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What Is It?
The National Aptitude Test in Architecture (NATA) measures the aptitude of the applicant for specific field of study, i.e. Architecture. The test measures drawing and observation skills, sense of proportion, aesthetic sensitivity and critical thinking ability, that have been acquired over a long period of time, and that are related to specific field of study, i.e. Architecture.
Who Takes It and Why?
Prospective applicants desirous of taking admission to First year of undergraduate course in Architecture (Bachelor of Architecture) in India take NATA. NATA scores are used by admissions authorities of different government, govt. aided & unaided schools / colleges of Architecture, to provide common measures for comparing the qualifications of applicants.
Where Do People Take It?
NATA is offered over major part of admission season at designated test centres located at colleges / schools of architecture in India. Updated list of Test centres is available at the website http://www.nata.in
Who Accepts It?
All schools / colleges of Architecture, Government, Government aided, University Departments, private unaided, including colleges affiliated to self-financed Deemed Universities and Private Universities, or any department of Architecture within a college, requires that its applicants take the NATA.
NATA Syllabus and Format
The test is in two parts. A paper based drawing test for two hours and computer based online aesthetic sensitivity test for one hour. The test measures aptitude of the candidate through two sections – a paper based section for drawing and computer based section for aesthetic sensitivity.
NATA Drawing Test
This is a two hour paper where candidate has to attempt two questions. One of the questions has two sub questions.
The drawing aptitude is judged on the following aspects :
• Ability to sketch a given object proportionately and rendering the same in visually appealing manner.
• Visualising and drawing the effects of light on the object and shadows cast on surroundings.
• Sense of perspective drawing.
• Combining and composing given three dimensional elements to form a building or structural form.
• Creating interesting two dimensional composition using given shapes and forms.
• Creating visual harmony using colours in given composition.
• Understanding of scale and proportions.
• Drawing from memory through pencil sketch on themes from day to day experiences.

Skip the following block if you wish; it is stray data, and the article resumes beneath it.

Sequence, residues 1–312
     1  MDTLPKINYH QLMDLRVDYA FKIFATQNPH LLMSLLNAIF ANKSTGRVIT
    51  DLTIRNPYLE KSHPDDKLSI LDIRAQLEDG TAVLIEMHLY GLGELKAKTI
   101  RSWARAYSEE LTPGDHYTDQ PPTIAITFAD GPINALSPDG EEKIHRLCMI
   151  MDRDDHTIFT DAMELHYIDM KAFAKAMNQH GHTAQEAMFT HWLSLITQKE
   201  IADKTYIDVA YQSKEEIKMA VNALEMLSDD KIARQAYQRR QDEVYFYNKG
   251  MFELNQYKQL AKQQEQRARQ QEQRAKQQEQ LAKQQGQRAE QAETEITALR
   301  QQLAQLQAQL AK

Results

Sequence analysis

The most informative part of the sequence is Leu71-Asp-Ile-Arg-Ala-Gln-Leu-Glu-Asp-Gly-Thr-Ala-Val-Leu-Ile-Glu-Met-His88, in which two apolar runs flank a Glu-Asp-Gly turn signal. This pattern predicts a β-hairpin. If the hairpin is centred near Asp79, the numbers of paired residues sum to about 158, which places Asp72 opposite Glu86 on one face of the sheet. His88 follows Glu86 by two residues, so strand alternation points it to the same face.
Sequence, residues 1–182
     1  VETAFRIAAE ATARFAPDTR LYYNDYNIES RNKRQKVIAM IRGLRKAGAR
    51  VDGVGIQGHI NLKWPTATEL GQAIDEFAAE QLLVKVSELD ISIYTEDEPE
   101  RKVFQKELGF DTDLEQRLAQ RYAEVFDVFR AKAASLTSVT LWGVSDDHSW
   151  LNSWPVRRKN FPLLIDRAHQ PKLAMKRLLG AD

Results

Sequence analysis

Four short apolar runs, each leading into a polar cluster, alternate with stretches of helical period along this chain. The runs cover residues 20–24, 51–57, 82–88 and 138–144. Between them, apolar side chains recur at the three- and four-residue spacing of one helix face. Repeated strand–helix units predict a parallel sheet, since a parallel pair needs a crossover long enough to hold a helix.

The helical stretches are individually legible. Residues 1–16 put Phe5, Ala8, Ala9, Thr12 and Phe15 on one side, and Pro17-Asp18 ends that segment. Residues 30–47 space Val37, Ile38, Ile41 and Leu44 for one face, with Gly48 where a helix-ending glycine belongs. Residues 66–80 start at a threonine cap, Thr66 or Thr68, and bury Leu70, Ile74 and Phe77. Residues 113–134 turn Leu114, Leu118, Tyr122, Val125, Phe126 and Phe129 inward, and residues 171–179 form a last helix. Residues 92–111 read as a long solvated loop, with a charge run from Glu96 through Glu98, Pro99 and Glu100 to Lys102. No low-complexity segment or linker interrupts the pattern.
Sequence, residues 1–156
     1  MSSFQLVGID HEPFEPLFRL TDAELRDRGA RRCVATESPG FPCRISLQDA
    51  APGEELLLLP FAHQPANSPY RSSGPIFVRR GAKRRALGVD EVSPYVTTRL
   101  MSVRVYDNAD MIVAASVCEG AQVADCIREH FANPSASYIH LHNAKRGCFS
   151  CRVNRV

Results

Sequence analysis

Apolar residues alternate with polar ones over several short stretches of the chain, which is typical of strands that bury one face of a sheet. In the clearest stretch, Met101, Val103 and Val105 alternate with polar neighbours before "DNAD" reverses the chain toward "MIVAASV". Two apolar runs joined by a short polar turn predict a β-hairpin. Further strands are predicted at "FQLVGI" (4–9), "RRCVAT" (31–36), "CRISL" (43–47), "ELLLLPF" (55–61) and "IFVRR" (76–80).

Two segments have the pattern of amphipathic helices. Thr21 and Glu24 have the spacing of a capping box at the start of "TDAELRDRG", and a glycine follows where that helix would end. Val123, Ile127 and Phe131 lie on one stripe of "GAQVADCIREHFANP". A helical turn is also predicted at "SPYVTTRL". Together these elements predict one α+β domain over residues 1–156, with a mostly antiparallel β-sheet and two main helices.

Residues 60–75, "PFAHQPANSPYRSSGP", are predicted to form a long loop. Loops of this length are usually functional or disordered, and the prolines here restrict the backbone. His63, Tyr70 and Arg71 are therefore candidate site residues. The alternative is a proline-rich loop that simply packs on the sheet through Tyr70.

The drawing paper will be examined by the designated examiners over the internet in absence of the candidate and marks will be uploaded to NATA server. The drawing papers are scanned and uploaded to NATA server for the purpose, within four hours of printing the question paper. Usually three different examiners, from different parts of India, independently examine each question and their marks are averaged. NATA administrator reserves the rights to moderate the marks given by the examiners to achieve parity. The primary emphasis in scoring the drawing section isn the candidate’s drawing, imagination and observation skills. The candidate’s sense of proportion & perspective is also evaluated together with sense for colour composition.
NATA Aesthetic Sensitivity Test
This is computer based test of one hour where candidate has to answer 40 multiple choice questions.The aesthetic sensitivity test measures perception, imagination and observation, creativity and communication along with architectural awareness and comprises of:
• Visualising three dimensional objects from two dimensional drawings.
• Visualising different sides of three dimensional objects.
• Indentifying commonly used materials and objects based on their textural qualities.
• Analytical reasoning.
• Mental Ability.
• Imaginative comprehension and expression.
• Architectural awareness.
During the computer based test, with adaptive testing, an examinee is administered a set of questions with a difficulty level that is specifically designed to match the examinee's ability level. The mathematical process for calculating a score in this situation incorporates the statistical properties of the questions, the examinee's performance on the questions, and the number of questions that are answered. The candidate’s score will depend on his / her performance on the questions given and on the number of questions answered in the time allotted. This section is computer adaptive, meaning that the computer selects questions based on the candidate’s performance on preceding questions (When correct answer is given, next question will be of higher difficulty level whereas, if wrong answer is given next question is of lower difficulty level) and on the requirements of the test design. Test design factors that influence which questions are presented to the candidate include:
• The statistical characteristics (including difficulty level) of the questions already answered
• The required variety of question types
• The appropriate coverage of content.
• The final score depends on average difficulty level of all questions and of those questions answered correctly. E.g. person with correct answer for less number of questions of higher difficulty level may score higher marks than someone who answers more number of questions correctly but of lower difficulty level.
• Average time allotted to answer the question is 90 seconds and the countdown begins 30 seconds before the time ends, however, for certain questions depending upon their difficulty level, time allotted to provide the answer may be reduced to 60 seconds or may be extended to 120 seconds. There is no Negative marking in this test.